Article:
Bitcoin Is ‘Worthless’: London's Capital Economics

Sorry, bitcoin investors, there's no light at the end of the tunnel, according to one group of crypto-bears who expect the recent digital coin sell-off to persist as the market comes to realize that the world's largest cryptocurrency by market capitalization is "essentially worthless." 

In a note Thursday, London-based investment research firm Capital Economics wrote that bitcoin is likely to fare much worse than other assets in the upcoming months, despite its close correlation to the broader S&P 500 index since the digital currency reached its peak in mid-December.  (See also: Bitcoin May Fall By a Third in 2018: Study.)

“Bitcoin's correlation with equity prices has strengthened recently, but we think that this will be just temporary. We still think that bitcoin is essentially worthless, meaning that it is likely to fare much worse than other assets in the coming months," wrote Capital Economics. The researchers contend that bitcoin's correlation with the equity market has been largely coincidental, as its series of crashes can be related to specific events and concerns such as a handful major banks banning customers from buying the digital currency on credit cards, heightened fears over regulation and a ban on cryptocurrency advertising from major media platforms such as Facebook Inc. (FB) and Twitter Inc. (TWTR).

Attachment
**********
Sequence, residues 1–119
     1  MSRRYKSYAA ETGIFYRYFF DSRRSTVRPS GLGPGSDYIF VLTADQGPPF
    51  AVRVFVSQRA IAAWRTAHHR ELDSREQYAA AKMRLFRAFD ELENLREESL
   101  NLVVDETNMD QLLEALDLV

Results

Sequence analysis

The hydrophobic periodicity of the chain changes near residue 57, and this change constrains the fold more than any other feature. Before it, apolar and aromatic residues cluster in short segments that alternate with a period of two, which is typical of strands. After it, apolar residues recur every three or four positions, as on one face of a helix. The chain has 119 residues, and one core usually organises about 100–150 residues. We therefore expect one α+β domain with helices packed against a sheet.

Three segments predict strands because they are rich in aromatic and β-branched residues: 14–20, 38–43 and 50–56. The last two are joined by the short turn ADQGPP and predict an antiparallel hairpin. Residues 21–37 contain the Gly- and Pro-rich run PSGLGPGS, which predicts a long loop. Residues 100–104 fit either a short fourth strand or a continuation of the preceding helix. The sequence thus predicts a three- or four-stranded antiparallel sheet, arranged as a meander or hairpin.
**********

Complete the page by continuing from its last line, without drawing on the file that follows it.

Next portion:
'Not a Credible Long-Run Alternative'

As for the future of the global equity market, analysts reflect the increasingly bearish sentiment on the Street, suggesting that rising interest rates and other concerns such as an impending global trade war should drag down stocks. Nonetheless, bitcoin's demise will be attributable to its lack of value relative to traditional currencies, wrote the U.K. researchers, reiterating the notion that the factors driving down bitcoin prices are very different from those driving the prices of other assets.

"We expect equity markets to fall as investors cotton on to the fact that rising U.S. interest rates will slow economic growth. But the main factor driving down the price of bitcoin is likely to be a realization that it is simply not a credible long-run alternative to conventional currencies,” read the Capital Economics note. 

At a price of $6,600.97 as of 4:07 p.m. UTC, bitcoin reflects a 460% gain over the most recent 12 months and a whopping 67% loss from highs reached late last year, according to Coinbase data. (See also: 1 in 5 College Students Used Loans for Cryptocurrency Investments.)

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